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Lock ‘em up and send taxpayers the bill

When Michigan Attorney General Bill Schuette prescribed longer prison terms to cure the state’s crime rate recently, he was reaching back for an old belief based on the assumption that longer sentences mean safer streets.

His critics and independent researchers suggest his plan would do little to reduce crime — but would drive up the cost of Michigan’s prison system.

“There is absolutely no evidence in the world to indicate this scheme would have any impact on crime rates,” said Barbara Levine, executive director of the Citizens Alliance on Prisons & Public Spending, which advocates reducing prison spending through alternatives to incarceration.

Schuette’s proposal, which his office touted as his “plan to make Michigan safer,” calls for a mandatory 25-year sentence for a violent crime perpetrated by a criminal who has committed three previous felonies.

“For too long, there’s been too much fear, not enough jobs, too much fear, not enough cops,” Schuette said in announcing what he called his VO-4 plan. “Too much fear means seniors can’t walk in the park.”

Longer prison terms for habitual offenders, he suggested, would lead to safer streets – and, presumably, parks.

It’s not the first time a Michigan politician has issued such a call. The Legislature passed a series of laws in the 1980s and ’90s imposing mandatory minimum sentences now blamed for the state’s huge prison population.

 Previous coverage

Shifting prison politics: How GOP is getting smarter on crime

With a sober eye, a conservative reconsiders

An unlikely advocate for review of Michigan prison sentences

Smart, not tough: Reconsidering juvenile justice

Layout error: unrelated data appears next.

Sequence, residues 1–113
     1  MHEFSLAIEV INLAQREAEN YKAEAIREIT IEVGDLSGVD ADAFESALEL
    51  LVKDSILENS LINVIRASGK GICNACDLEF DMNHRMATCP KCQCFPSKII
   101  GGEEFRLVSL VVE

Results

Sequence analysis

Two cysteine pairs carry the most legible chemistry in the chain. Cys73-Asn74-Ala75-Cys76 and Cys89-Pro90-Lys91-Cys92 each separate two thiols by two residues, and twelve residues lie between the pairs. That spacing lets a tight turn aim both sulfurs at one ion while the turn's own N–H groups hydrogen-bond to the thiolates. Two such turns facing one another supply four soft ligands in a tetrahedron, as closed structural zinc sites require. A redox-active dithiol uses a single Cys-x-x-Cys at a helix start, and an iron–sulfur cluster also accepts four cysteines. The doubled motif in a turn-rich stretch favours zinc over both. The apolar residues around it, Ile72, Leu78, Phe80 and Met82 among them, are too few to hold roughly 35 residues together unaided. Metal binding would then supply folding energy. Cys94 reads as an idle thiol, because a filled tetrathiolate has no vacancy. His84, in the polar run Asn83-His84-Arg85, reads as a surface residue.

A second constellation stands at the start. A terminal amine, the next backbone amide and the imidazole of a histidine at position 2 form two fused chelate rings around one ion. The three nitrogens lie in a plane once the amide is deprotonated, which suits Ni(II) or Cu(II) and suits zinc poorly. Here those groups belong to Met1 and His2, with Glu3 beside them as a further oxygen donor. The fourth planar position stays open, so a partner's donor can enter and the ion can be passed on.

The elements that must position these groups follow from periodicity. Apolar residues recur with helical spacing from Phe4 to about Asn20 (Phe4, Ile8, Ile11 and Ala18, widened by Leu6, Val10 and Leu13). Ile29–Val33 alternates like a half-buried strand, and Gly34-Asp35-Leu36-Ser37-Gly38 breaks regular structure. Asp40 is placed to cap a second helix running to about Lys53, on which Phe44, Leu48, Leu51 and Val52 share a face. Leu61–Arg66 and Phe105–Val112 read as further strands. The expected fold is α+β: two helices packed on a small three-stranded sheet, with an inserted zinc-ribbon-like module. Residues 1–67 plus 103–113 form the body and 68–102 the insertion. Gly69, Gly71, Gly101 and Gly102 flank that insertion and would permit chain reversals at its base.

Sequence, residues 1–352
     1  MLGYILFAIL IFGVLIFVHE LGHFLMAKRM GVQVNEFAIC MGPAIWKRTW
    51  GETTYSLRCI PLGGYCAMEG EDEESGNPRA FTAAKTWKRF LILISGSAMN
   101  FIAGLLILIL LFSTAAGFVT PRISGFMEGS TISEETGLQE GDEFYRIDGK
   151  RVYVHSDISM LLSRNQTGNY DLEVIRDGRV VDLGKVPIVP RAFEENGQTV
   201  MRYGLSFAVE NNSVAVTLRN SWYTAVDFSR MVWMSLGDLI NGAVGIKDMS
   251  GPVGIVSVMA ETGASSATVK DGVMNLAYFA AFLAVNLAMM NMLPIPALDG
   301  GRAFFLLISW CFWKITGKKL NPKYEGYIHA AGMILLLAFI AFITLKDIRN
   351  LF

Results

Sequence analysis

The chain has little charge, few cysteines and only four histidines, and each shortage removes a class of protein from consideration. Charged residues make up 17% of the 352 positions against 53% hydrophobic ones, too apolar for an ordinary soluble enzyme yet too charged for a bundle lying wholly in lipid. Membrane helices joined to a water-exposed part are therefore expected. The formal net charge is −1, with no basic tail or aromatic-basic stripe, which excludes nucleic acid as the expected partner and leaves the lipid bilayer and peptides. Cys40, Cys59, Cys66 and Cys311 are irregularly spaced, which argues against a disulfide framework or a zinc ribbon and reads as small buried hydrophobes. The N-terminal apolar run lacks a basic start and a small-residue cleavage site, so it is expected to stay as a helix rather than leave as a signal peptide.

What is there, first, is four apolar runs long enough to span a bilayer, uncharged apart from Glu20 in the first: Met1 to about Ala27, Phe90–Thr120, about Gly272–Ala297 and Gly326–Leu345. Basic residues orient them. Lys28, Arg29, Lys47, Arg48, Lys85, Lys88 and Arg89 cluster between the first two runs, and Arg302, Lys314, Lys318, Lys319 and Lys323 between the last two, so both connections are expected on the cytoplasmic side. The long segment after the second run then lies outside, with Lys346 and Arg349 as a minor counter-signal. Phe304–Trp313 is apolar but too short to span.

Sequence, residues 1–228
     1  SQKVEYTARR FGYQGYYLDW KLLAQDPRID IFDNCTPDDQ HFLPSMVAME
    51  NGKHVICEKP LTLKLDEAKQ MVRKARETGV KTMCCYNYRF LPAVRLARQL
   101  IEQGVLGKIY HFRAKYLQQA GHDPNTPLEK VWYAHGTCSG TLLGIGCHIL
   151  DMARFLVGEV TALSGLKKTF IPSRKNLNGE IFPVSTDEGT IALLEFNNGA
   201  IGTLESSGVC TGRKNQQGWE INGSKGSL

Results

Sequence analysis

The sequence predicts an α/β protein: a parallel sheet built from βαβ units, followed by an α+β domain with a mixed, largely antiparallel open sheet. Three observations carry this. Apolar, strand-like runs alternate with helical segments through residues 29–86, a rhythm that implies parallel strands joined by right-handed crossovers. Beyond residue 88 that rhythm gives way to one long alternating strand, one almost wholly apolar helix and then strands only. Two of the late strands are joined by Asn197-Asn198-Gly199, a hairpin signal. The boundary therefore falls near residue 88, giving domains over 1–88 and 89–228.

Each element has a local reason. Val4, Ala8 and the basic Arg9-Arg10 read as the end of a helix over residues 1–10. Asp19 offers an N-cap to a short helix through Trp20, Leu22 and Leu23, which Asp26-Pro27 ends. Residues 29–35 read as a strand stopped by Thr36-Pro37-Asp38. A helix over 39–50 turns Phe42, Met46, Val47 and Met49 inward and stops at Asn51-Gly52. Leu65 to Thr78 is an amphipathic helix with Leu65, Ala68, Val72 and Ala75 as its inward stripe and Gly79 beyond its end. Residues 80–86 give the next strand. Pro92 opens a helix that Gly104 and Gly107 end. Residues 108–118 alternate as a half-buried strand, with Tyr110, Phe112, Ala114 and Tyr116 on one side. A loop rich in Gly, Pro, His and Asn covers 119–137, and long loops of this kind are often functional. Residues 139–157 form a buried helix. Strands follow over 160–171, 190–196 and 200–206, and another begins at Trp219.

Recent studies suggest longer sentences, don’t deter crime, but do cause a dramatic increase in the number of people behind bars. A 2008 study by the Pew Charitable Trusts found that “prison costs are blowing holes in state budgets but barely making a dent in recidivism rates.”

A 2005 study co-authored by Justin McCrary, formerly an assistant professor of economics at the University of Michigan and now a professor of law at the University of California, Berkeley, similarly concluded that “increasing the frequency of jail or prison sentences or otherwise lengthening periods of incarceration has limited value as a deterrent.”

Many conservative politicians in Michigan and nationally are taking a second look at mandatory minimums and other laws that increased incarceration rates.

“I just don’t get where (Schuette) is coming from,” said Natalie Holbrook, director of the American Friends Service Committee’s Michigan Criminal Justice Program. “The pendulum nationally has swung the other way. To me, it doesn’t make any sense. It’s like he’s coming into the game without much knowledge.”

Michigan already has a habitual offender law allowing judges to impose tougher sentences on those convicted of second, third and fourth felonies.


Michigan Attorney General Bill Schuette

Schuette’s office did not respond to repeated requests from Bridge that he be interviewed for this story. At the press conference announcing his plan, he did not answer a question about how much his proposal would cost the taxpayers.

If approved by lawmakers, his VO-4 program would require an additional 17,798 prison beds over the next 25 years, a Corrections Department spokesman estimated. At the current cost of nearly $33,000 per inmate each year – and without adjusting for inflation – that would increase the state’s annual prison spending by about $585 million over the period.

State lawmakers appear to be in no mood to increase spending, particularly for prisons.

Schuette also called on the Legislature to spend $140 million of a projected $450 million budget surplus to hire 1,000 new police officers over the next two years. House Speaker Jase Bolger, R-Marshall, is unlikely to support spending that much, since it is “one-time money for an ongoing expense,” his spokesman, Ari Adler, said.

As for Schuette’s mandatory sentence concept, Adler said: “Any time you’re expanding spending, you have to be concerned.”

Pat Shellenbarger is a freelance writer based in West Michigan. He previously was a reporter and editor at the Detroit News, the St. Petersburg Times and the Grand Rapids Press.